agreements to bring significant     specifications which could be used by
Strategy 3-3: Create demand for such                                                              a multitude of product developers.
                                                              numbers of the best current
    products through market                                                                       This effort could be most effective if
                                                              technologies for managing plug
    transformation activities                                                                     the opportunity exists to tie future
                                                              loads (e.g., smart power strips
                                                              and informative visual displays)    rebates or other incentives to the
                                                              to market.                          specifications
                                                            x Promote unbiased labels and         Look for targeted opportunities to       2.1.2
                                                              Web sites (Consumer Reports         establish product baseline
                                                              approach).                          performance levels.
Section 2.1 - Core Residential          Energy Commission   x Continuously incorporate gains in   Look for targeted opportunities to       2.1.2
Goal 3: Plug In Loads                   Utilities             efficiency in the appliance         establish product baseline
                                                              standards.                          performance levels leading to gains
Strategy 3-4: Continuously strengthen                                                             in efficiency in appliance standards
    standards, including the
    expansion of both Title 24 and 20                                                             Look for targeted opportunities to       2.1.3
    to codify advances in plug load                                                               develop standard test protocols for
    management                                                                                    energy efficient products, in support
                                                                                                  of statewide Codes & Standards
                                                                                                  Program, including gains efficiency in
                                                                                                  appliance standards.




                                                                  Page 581 of 1333
                                             2009±2011 Energy Efficiency Programs
                                             SoCalGas SW Emerging Technologies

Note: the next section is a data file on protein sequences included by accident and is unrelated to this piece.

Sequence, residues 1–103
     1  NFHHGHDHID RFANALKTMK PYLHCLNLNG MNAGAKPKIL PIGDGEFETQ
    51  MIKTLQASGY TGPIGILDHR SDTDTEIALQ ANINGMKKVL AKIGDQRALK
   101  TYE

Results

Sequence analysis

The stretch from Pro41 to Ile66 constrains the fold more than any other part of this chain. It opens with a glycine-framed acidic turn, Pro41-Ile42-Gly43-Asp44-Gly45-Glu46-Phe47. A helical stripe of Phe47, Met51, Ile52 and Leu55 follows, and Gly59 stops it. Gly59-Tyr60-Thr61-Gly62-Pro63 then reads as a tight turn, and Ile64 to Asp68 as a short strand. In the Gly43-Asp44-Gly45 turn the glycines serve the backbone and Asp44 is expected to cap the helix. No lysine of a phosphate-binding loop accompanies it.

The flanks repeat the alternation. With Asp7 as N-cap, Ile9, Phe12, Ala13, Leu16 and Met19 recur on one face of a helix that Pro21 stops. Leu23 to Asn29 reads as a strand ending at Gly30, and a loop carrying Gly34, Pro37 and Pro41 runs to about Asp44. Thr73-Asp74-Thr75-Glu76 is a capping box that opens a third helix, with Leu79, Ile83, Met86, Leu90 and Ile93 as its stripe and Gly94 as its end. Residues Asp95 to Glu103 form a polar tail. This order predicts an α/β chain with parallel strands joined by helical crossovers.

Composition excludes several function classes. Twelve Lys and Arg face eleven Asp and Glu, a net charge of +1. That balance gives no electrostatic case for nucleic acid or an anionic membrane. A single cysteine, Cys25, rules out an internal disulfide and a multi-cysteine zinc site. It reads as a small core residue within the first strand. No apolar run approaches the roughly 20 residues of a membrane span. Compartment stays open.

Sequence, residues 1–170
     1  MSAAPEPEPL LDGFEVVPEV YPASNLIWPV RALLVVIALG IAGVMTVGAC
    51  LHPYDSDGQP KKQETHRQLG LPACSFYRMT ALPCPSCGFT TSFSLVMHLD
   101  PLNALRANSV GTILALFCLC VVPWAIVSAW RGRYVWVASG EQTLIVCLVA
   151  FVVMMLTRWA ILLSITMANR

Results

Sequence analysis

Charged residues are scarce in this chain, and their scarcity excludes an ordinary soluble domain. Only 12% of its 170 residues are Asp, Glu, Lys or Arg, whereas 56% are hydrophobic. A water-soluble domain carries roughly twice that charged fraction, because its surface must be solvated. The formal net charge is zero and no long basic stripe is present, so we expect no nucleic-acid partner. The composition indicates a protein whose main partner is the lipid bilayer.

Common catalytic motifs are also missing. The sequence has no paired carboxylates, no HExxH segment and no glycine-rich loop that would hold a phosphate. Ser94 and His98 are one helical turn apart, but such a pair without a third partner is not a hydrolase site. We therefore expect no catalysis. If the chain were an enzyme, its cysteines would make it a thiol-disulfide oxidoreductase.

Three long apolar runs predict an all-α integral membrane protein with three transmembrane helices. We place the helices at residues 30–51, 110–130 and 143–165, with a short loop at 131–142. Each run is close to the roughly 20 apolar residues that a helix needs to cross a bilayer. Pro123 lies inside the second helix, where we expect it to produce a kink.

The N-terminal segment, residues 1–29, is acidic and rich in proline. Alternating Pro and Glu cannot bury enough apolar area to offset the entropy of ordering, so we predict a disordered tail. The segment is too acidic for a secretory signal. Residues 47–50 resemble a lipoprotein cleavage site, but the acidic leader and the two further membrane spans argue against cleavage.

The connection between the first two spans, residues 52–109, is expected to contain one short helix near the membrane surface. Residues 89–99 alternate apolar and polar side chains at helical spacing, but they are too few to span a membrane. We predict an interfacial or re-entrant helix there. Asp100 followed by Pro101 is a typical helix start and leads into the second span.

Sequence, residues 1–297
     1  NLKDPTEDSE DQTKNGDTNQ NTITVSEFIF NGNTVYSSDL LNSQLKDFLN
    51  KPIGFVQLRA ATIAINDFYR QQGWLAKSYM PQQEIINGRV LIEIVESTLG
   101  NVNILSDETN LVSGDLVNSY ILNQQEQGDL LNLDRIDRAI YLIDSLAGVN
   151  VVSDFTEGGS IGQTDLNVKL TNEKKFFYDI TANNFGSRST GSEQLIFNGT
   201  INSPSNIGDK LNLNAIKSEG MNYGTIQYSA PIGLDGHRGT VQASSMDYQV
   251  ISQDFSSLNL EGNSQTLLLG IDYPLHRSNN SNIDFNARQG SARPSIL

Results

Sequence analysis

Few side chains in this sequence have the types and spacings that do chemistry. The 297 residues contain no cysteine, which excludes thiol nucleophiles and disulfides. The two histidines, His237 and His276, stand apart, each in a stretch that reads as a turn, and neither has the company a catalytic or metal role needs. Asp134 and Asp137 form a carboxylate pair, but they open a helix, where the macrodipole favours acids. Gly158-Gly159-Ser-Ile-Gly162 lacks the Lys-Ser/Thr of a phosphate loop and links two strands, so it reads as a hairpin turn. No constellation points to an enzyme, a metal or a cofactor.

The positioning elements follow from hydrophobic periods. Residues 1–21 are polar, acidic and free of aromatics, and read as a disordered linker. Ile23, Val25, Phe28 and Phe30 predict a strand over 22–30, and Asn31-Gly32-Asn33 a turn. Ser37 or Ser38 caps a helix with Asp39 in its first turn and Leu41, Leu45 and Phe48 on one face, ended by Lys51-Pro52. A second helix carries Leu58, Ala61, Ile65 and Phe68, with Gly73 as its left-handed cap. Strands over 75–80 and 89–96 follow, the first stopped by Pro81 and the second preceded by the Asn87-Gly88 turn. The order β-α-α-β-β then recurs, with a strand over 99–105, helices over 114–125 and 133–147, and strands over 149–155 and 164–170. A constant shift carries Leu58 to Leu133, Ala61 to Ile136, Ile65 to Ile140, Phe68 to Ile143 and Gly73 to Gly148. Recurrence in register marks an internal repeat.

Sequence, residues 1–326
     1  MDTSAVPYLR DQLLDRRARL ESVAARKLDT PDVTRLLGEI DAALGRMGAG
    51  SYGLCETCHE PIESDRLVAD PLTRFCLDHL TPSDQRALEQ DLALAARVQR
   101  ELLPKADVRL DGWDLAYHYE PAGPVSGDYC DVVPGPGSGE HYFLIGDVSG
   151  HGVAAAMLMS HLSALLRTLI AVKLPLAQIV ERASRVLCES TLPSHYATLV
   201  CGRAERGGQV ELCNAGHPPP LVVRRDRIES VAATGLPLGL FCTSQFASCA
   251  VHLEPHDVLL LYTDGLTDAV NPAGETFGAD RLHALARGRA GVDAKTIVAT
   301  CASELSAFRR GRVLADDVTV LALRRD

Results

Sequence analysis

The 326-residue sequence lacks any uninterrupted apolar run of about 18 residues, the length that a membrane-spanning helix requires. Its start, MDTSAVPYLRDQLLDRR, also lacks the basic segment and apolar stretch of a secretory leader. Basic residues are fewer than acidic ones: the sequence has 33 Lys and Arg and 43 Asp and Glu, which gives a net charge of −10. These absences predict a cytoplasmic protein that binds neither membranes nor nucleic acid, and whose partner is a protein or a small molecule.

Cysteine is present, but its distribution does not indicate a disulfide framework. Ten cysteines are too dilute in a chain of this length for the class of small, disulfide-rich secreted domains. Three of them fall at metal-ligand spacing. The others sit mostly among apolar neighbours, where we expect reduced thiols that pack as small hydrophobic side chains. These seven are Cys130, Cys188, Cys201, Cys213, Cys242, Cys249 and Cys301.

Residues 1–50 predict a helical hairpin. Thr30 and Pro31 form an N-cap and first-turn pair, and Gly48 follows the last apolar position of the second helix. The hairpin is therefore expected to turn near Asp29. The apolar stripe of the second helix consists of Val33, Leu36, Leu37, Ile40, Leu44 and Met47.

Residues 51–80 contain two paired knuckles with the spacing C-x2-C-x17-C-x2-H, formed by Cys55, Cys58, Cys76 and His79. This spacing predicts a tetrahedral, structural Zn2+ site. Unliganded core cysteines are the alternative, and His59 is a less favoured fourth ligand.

Program Implementation Plan
                                        Strategic Plan                                                  Emerging Technologies PIP
                                                                    Near Term                                               Reference
 Section/Goal/Strategies                   Partners                                                   Objective/Strategy
                                                                   2009 ± 2011
Section 2.1 - Core Residential          Energy Commission   x Work with research organizations    Scan a wide variety of sources,            1.1.1
Goal 4: High Performance Lighting       (PIER)                to develop lighting products with   including lighting, for measures that
                                                              lower energy requirements and       could help IOUs meet customer needs
Strategy 4-1 Drive continual advances   Universities                                              and achieve energy savings, demand
                                                              improved spectral performance.
   in lighting technology through       DOE                                                       reduction, and other IDSM targets.
   research programs and design                             x Work with Utilities and Retailers
   competitions.                        National Labs         to develop public awareness and     A key strength of the ETP is the value   Section 6
                                        Manufacturers         demand.                             created through ongoing collaboration
                                                                                                  among the statewide IOUs. Continuing
                                        Utilities
                                                                                                  and enhancing this statewide
                                        Retailers                                                 collaboration will contribute to the
                                                                                                  successful accomplishment of the ETP
                                                                                                  goals and objectives of advancing
                                                                                                  technological innovation through
                                                                                                  collaboration.
                                                                                                  Help transform the market by               1.2.3